In recent days we have seen the understandable decision reached to postpone the UN climate change conference – COP26 – which was due to take place this November. As the world reels from the widespread impacts of the coronavirus crisis, it is the right call.
COVID-19 is a pressing global issue that is starting to strain health systems, cut down economic output and undermine efforts to address poverty and inequality. These are challenges that, in the coming months, will need concerted and collaborative effort between and within nations to overcome.
But what does this mean for one of the most enduring and universal challenges we face – that of climate change? The delay of COP26 until 2021 does not mean that efforts by countries to meet their climate change commitments have to be on hold. Far from it.
As with coronavirus, climate change is a significant cause of reduced outcomes for health and wealth around the world. We know that the consequences of climate change continue to escalate, disproportionately impacting communities that have contributed the least to the problem of carbon emissions, with devastating effects on the environment and global biodiversity.
So, while the COP26 global gathering of opinion formers and climate change experts won’t take place this autumn in Scotland, there can be no delay or dialling back of ambition when it comes to climate action. Indeed, if countries are to fulfill the promises made in the Paris Agreement we need levels of ambition to grow.
Even as countries strive to contain and mitigate the COVID-19 crisis, we cannot lose sight of this. That’s why climate action needs to be kept in the mainstream of political discussions – and even consider how the recovery phase of the pandemic, when it comes, can be implemented in a way that supports a green transition.
The European Commission has been forthright already, with Executive Vice-President Frans Timmermans stating on 1 April that, when it comes to addressing climate change, “we will not slow down our work domestically or internationally”. That position is welcome – and one we need the world’s other major economies to echo.
Efforts by governments to tackle climate change need to include greater engagement of the private sector. Businesses have a huge role in helping reduce carbon emissions and contributing towards solutions. That’s why sustainable business practices need to be front and center of corporate efforts to realign the way they operate, both now and in the aftermath of the pandemic.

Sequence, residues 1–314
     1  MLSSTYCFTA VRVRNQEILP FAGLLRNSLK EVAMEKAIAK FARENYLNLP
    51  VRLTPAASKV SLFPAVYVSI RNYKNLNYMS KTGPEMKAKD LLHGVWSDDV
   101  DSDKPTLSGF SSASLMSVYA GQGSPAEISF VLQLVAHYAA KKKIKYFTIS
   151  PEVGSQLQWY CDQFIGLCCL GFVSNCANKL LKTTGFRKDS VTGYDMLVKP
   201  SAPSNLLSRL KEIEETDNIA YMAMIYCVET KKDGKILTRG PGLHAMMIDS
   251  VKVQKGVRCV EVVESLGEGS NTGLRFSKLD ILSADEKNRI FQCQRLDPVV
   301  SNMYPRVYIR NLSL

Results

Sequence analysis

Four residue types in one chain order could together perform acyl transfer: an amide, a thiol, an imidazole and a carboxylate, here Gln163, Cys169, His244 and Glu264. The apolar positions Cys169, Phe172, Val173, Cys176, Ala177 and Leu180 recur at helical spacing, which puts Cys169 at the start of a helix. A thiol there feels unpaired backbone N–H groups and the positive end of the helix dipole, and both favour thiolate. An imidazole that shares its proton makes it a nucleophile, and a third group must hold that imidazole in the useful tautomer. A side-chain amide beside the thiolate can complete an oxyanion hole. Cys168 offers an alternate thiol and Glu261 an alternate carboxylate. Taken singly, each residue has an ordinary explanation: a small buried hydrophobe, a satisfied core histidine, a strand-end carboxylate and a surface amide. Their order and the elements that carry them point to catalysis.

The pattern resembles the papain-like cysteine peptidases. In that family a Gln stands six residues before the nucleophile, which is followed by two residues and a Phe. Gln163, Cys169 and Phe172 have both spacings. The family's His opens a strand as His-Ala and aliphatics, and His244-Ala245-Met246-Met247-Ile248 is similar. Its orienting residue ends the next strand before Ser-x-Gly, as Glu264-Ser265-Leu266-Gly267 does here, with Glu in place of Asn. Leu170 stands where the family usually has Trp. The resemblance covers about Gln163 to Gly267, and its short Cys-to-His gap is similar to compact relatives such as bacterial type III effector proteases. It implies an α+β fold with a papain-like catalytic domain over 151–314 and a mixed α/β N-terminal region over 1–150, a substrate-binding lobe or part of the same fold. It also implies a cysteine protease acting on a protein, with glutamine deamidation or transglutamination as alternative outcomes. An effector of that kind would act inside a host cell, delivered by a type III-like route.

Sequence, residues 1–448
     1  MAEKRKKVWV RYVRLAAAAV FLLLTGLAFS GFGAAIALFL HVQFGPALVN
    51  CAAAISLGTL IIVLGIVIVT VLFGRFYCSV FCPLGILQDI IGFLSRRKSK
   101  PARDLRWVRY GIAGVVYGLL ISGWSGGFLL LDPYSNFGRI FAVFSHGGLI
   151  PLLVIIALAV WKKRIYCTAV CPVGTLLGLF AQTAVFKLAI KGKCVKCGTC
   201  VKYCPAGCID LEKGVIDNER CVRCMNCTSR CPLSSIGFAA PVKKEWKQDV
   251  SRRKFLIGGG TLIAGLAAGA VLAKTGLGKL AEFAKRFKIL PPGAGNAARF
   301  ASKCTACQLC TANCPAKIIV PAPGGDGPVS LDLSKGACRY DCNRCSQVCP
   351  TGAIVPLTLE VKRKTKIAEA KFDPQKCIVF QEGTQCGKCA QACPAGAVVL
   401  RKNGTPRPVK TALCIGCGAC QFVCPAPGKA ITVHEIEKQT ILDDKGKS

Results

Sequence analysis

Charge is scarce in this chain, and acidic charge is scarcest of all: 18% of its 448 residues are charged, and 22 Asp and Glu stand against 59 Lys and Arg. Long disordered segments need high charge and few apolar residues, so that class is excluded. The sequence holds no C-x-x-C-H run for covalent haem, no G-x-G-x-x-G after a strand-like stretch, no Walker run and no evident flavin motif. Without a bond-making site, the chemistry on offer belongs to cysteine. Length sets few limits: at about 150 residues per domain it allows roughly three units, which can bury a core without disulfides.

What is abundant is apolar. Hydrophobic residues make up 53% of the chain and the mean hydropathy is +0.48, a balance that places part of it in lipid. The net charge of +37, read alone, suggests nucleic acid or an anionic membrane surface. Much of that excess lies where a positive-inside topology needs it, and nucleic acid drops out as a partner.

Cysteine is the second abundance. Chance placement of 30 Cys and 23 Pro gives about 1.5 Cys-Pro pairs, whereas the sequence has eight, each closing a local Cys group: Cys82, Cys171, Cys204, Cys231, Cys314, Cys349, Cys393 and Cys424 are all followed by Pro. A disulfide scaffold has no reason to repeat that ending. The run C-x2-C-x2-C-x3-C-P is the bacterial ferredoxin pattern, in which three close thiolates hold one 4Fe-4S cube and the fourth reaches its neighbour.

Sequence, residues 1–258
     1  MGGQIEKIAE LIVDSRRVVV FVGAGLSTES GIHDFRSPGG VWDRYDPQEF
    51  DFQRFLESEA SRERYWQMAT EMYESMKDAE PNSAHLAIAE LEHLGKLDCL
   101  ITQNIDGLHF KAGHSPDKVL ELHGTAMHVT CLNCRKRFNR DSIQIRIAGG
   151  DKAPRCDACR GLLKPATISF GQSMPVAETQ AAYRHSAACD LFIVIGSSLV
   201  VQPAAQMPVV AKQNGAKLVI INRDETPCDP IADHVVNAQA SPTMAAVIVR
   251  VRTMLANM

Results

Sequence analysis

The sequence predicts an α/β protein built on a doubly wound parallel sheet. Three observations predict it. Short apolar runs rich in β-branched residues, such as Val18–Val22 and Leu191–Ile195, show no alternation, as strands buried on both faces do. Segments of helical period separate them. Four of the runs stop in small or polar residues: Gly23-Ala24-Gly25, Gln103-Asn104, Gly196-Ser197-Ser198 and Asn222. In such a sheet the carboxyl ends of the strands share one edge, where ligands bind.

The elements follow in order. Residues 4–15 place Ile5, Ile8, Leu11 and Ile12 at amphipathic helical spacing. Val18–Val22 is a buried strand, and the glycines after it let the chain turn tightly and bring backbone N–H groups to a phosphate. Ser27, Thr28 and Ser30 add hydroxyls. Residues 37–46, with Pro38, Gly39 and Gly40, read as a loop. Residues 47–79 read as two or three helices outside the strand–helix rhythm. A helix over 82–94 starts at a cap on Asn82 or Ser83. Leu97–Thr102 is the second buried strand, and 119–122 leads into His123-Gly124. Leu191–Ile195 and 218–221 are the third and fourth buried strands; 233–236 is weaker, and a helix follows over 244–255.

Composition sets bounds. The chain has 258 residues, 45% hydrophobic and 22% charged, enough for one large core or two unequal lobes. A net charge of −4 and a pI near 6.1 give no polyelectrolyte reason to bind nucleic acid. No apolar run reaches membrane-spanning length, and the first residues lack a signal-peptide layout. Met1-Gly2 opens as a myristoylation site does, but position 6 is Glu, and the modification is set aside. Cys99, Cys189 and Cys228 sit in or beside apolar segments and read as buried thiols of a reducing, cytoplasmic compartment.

Indeed, contributing to climate change mitigation makes sense to companies from both environmental and economic standpoints. So-called sustainable investing has been on the rise for some time – and the current crisis is demonstrating why ESG (environmental, social and governance) factors are increasingly important to major investors. Business resilience, continuity planning, community engagement and employee rights – these are all ESG risks to be managed. Responsible companies, that are transparent about their practices and take obligations to people and the planet seriously, stand to benefit.
GRI is the independent and multi-stakeholder organization that provides the most widely used sustainability reporting framework, the GRI Standards. And during this testing period, we are continuing to help companies to disclose their impacts and support governments to collaborate with the private sector in fulfilling national climate change commitments. This includes engaging business in the Nationally Determined Contributions (NDCs), which articulate the efforts by individual countries to cut emissions and adapt to climate change. The NDCs are central to the implementation of the Paris Agreement, with all new or updated NDCs requiring to be submitted this year. While acknowledging the huge challenges many governments face as a result of coronavirus, we cannot let this timetable slip.
In a very short space of time, the impact of COVID-19 has sent shock waves around the world. When it comes to climate change, the risks are longer-term, more diffused and harder to quantify. Yet they remain real and more volatile than ever. Future generations will look back on 2020 as a year when the global community either stepped up or fell short. Let’s ensure this year of crisis brings out the best in us and we do not let them down.
Peter Paul van de Wijs, Chief External Affairs Officer, Global Reporting Initiative